Why it matters: Researchers at MIT have developed a system aimed at helping autonomous systems avoid unintended collisions when rounding corners. It's far from a finished product but the advancements they've made in recent years are promising.

The system, funded by the Toyota Research Institute, effectively analyzes changes in ground shadows to determine if there is a moving object around a corner. It builds on an earlier version of the system that was presented at conferences in 2017 and 2018.

In testing with an autonomous car in a parking garage, the team's revised system was faster at sensing and stopping for an approaching vehicle, besting a traditional Lidar system by more than half a second.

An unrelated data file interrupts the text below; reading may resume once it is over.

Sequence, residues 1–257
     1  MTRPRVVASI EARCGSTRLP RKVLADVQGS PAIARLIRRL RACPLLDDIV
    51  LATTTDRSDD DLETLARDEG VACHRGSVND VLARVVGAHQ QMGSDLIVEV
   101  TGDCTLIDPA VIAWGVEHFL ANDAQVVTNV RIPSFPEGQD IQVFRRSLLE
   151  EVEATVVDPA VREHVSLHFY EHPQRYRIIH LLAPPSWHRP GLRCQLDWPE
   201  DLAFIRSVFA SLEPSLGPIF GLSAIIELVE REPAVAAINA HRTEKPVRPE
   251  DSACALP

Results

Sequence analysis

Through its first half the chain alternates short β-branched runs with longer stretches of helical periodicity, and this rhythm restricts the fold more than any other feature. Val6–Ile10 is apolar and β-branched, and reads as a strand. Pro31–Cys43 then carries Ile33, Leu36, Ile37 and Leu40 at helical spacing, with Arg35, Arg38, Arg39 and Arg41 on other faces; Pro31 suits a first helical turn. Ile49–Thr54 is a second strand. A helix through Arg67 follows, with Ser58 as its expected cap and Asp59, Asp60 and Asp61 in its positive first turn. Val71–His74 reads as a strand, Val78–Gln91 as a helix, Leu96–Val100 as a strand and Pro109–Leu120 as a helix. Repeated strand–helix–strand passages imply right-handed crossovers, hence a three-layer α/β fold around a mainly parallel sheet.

Fractions of a second may not seem like much to get excited about but when dealing with fast-moving autonomous vehicles, it could be the difference between a serious accident and a minor scare.

Other practical applications include robots navigating busy hallways and even autonomous wheelchairs traversing hospital corridors.

While it could one day be a helpful asset, right now, its use is limited. Researchers have only tested the system in indoor settings where lighting conditions are more consistent. This makes it easier for the system to detect and analyze shadows, we're told.

MIT has plenty of experience in this field. The private research university has multiple experiments under its belt involving radar technologies, artificial intelligence and even Wi-Fi to help it see through physical obstacles.